NIRCam Coronagraphic Occulting Masks and Lyot Stops
JWST NIRCam coronagraphy offers round and bar occulting masks paired with pupil plane Lyot stops, yielding inner working angles ranging from 0.13" to 0.89" HWHM (half-width at half-maximum).
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Each NIRCam module includes a coronagraphic optical mount (COM) that carries 3 round and 2 bar-shaped coronagraphic occulting masks in the focal plane.
When centered on a bright point source, an occulting mask blocks the core of the point spread function (PSF). Diffracted light remaining in the PSF wings is blocked by a corresponding Lyot stop in the pupil plane. The pairing of the occulting mask and Lyot stop constitutes a "Lyot coronagraph," which enables high-contrast imaging of faint features near bright point sources.
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Table 1. 6λ/D wavelengths for the round occulting masks
Round coronagraphic mask
|Radius||λ for 6λ/D|
The 2 bar coronagraphic occulting masks are tapered, with radii varying by a factor of 3 along their lengths. Table 2 gives the half widths at half maximum (HWHM) at the bar end points and centers. Note these wavelengths extend beyond the observable range (see NIRCam Filters for Coronagraphy).
Table 2. 4λ/D wavelengths for the end points and center (in HWHM) of each bar coronagraphic mask
|Bar coronagraphic mask||HWHM||λ for 4λ/D|
Nominal inner working angles (IWAs) reported in Tables 1 & 2 correspond to the half-width at half-maximum (HWHM), the angular distance at which the coronagraph throughput is half. For the round masks it was designed to be at ~6λ/D and for the bar masks it was designed to be ~4λ/D for each given filter's central wavelength to which a special "fiducial" pointing is assigned as shown in Figure 1.
When a bar mask is used with a given filter, the source is placed behind the occulter at a position (shown in Figure 1) that provides HWHM = 4λ/D for the central wavelength λ of the filter.
In each module, NIRCam has 2 Lyot stops: one designed to suppress diffracted light from the round occulters, and the other to suppress diffracted light from the bar occulters. The final PSF is the Fourier transform of the Lyot stop. The geometrical transmission (Figure 4, c and d) of the Lyot stops is ~20%.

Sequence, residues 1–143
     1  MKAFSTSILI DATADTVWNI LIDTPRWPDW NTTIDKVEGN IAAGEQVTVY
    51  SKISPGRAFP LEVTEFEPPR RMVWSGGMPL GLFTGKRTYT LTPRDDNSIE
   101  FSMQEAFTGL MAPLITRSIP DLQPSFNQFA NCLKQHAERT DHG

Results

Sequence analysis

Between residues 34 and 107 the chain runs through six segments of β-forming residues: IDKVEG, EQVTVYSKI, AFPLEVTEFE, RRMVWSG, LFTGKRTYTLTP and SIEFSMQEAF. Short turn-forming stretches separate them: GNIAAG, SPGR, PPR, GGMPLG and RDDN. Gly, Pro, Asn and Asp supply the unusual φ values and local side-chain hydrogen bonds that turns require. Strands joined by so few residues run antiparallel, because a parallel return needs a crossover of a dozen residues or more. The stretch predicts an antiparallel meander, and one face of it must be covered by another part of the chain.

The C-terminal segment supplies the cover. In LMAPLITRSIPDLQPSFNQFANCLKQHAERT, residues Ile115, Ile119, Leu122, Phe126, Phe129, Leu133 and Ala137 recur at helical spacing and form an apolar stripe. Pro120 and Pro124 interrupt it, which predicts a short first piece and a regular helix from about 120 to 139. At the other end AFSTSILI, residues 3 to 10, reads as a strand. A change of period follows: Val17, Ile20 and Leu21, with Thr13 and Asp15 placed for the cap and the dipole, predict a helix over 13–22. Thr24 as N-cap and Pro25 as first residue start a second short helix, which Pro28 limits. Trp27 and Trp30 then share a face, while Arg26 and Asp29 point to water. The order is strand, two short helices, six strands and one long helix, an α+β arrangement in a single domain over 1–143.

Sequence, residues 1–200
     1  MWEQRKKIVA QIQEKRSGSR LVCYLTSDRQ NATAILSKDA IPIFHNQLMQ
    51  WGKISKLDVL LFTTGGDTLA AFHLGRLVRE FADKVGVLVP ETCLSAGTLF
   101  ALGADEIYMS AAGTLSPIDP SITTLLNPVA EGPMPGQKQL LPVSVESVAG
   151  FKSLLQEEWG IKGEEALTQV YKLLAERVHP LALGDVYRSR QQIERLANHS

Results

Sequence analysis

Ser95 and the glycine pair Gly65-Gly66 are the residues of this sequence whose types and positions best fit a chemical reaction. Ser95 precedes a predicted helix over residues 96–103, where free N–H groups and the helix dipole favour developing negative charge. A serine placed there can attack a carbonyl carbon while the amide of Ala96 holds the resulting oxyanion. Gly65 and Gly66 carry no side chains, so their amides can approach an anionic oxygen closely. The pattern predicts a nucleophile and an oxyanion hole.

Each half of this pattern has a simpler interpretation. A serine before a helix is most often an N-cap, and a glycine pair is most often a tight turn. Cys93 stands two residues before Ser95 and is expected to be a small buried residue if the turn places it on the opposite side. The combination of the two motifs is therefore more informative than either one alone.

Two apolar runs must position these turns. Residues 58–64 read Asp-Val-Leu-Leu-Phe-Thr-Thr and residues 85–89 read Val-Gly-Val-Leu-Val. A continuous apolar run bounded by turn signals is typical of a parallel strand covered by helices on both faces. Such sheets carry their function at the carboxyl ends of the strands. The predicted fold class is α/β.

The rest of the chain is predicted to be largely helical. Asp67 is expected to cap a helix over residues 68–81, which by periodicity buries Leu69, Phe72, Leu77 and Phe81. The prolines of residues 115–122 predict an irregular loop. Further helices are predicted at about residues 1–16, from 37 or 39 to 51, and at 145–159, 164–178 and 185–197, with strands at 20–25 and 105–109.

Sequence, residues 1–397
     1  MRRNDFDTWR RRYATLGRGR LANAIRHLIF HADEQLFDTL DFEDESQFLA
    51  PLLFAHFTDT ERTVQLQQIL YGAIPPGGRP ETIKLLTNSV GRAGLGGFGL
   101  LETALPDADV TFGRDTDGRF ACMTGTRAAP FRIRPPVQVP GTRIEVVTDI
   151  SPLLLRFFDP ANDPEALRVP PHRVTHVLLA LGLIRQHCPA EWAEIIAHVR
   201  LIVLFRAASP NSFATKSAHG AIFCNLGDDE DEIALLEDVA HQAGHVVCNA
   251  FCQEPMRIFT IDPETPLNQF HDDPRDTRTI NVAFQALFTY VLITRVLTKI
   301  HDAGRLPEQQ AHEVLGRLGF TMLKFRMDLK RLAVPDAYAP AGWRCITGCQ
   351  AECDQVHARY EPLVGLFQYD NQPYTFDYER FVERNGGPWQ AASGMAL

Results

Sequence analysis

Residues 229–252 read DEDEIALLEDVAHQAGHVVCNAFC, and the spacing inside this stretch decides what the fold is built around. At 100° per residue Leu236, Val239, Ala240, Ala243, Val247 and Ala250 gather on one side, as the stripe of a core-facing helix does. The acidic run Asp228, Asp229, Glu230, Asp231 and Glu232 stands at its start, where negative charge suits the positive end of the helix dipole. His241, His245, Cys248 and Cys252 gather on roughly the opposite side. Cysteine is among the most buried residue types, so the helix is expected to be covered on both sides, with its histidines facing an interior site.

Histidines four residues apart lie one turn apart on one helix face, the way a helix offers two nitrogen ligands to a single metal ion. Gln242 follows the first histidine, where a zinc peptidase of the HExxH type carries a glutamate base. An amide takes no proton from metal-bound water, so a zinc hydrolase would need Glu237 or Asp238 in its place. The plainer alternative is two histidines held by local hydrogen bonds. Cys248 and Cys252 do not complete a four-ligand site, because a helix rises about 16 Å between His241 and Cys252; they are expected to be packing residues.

Additional throughput losses: other absorbing materials
The focal plane masks or occulters are physically made with aluminum dots on a 66 mm by 22 mm by 2 mm sapphire substrate whose transmission also slightly depends on wavelength.
Each of the 4 Lyot stops (one for the round occulter, one for the bar occulter, 2 modules) are mounted on a substrate whose wedge shifts the field of view by several tens of arcseconds (with respect to plain imaging) and images the occulters onto the detectors. The wedges' transmission is more chromatic for the SW as the substrate is BaF2 (~95% at 1 µm and around ~75% at 2.5 µm, around ~80% for most of the coronagraphic filters). For the LW wedges, the substrate material is Si and with > 95%–98% transmission between 3 µm and 5 µm.
Overall the NIRCam coronagraphic optics introduce a pure loss in throughput (> 1" away from the center of each occulter) of the order of a factor ~7 to ~10. In the JWST Exposure Time Calculator (ETC), a "total system throughput" plot is displayed for each given instrument setup.
Resulting focal plane images
Examples of in-flight focal plane images resulting from the two Lyot stop geometries are shown in Figure 5, unnocculted (TA, TA Confirmation 1) and occulted (TA Confirmation 2).
Girard, J. H., et al. 2022, Proceedings of the SPIE, 121803Q
JWST/NIRCam Coronagraphy: commissioning and first on-sky results
Krist, J., et al., 2010, SPIE, 77313J
The JWST/NIRCam coronagraph flight occulters
Mao, Y., et al., 2011, SPIE, 81500E
NIRCam coronagraphic Lyot stop: design, fabrication, and testing